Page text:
You know what? I'm not going to go up to a veteran and thank him for protecting my freedom.
You know why? Because unless he is a hundred years old, chances are that that ex-soldier didn't do a damn thing to preserve and protect my freedom.
Don't get me wrong. I have nothing but respect and admiration for those who choose to enter the service. I have nothing but respect and admiration for those who put their life on the line in service to their country (even when their service takes place in wars and conflicts with which I strongly disagree).
In fact, I respect and admire so much what our armed forces do, that I get a sense of outrage or… or… something… when they get patronized from the mouths of people who apparently overstate what soldiers do.
Because, in point of fact, soldiers do not preserve our freedoms. To do so, our freedoms have to be under attack. And I am hard-pressed to think of a war since the Civil War when this was an issue. You know who preserves our freedom? The same people who enshrined our freedoms in the Constitution — lawyers, activists, politicians. Civil rights workers, the ACLU, etc. Not the 82nd Armored Division.
It's true! Take one freedom — say, free speech, embodied in the First Amendment. Now tell me the soldier, the unit, the branch of the military in which that freedom was "preserved". Tell me the war, and identify the enemy who was attacking free speech in the first place. You see what I mean?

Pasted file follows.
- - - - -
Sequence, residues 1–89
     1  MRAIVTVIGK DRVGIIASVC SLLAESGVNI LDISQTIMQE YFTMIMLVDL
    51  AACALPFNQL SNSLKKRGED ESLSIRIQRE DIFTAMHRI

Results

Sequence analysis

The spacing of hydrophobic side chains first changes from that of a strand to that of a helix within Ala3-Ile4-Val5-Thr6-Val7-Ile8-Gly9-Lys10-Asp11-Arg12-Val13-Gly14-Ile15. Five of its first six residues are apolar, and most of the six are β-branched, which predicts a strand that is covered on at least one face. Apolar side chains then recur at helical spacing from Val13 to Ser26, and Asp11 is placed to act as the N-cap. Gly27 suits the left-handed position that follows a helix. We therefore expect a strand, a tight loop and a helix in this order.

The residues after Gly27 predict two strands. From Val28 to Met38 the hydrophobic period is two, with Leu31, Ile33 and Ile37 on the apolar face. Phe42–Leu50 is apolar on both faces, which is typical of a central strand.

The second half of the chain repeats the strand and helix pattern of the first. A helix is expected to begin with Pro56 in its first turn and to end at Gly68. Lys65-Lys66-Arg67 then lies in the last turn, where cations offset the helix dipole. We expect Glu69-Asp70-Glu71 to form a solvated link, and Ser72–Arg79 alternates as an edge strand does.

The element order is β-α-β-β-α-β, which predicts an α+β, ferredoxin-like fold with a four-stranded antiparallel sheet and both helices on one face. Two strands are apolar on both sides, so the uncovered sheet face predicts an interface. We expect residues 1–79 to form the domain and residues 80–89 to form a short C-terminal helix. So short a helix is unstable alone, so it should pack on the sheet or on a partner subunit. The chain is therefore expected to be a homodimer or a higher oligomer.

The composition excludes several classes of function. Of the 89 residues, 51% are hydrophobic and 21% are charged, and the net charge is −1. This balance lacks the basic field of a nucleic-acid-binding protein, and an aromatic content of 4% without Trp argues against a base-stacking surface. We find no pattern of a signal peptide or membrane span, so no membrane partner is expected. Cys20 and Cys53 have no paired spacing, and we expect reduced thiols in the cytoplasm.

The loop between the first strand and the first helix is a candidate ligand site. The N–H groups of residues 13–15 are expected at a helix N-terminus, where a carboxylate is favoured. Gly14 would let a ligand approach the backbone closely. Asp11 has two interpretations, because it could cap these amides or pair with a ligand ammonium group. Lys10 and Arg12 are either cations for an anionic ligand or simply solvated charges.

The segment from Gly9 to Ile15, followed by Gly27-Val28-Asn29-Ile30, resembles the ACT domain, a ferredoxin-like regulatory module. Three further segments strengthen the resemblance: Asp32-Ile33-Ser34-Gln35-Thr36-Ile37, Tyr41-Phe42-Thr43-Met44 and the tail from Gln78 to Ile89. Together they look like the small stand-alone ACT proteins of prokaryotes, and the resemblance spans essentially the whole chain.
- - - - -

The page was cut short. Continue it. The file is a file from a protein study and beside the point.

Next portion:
"Ah," you say. "But what about national defense? Certainly, soldiers provide for our national defense."
No argument there, but when was our national defense breached to such an extent that our freedoms were threatened? Not 9/11. Yeah, 3,000 people were killed by al Qaeda, but did al Qaeda even target, much less threaten, freedom of speech? Of course not. The terrorists took lives, not freedoms. And but for the Bush administration circumventing the Constitution here and there, our First Amendment freedoms are as they were on September 10, 2001.
Even with WWII, could Hitler and Japan have actually conquered the United States and maintained control over it, such that we would lose our freedoms? Personally, I don't think it was possible, and not because of our WWII soldiers at the time, but because the world is too big and the German army was too small. We would have, at worst, lost our sovereignty, which is not the same thing as losing our freedoms.
All I am saying here folks is, let's get real. Most of the wars and conflicts in the last century and this one were wars to protect American geopolitical interests — those interests of the country as determined by its Commander in Chief — and were not wars to protect the freedoms of American's citizenry. Korea? Vietnam? The Gulf War? Iraq? Afghanistan? Panama? They were wars for land, to prevent aggression, to combat ideologies, and lots of other things, but NOT to "preserve our freedom" What freedom would you have lost had those wars been losses?
So thank a soldier for his sacrifices. Her valor. His dedication. Her willingness to risk her life. But don't patronize what they do by saying they "protect our freedoms", because — unless you happen to be saying that with respect to George Washington or General Grant — that kind of praise is nothing more than mindless Sarah Palinesque "look-how-great-I-am-because-I-am-pro-military" pablum. Frankly, our soldiers deserve better — meaning, more thoughtful – commendation than that.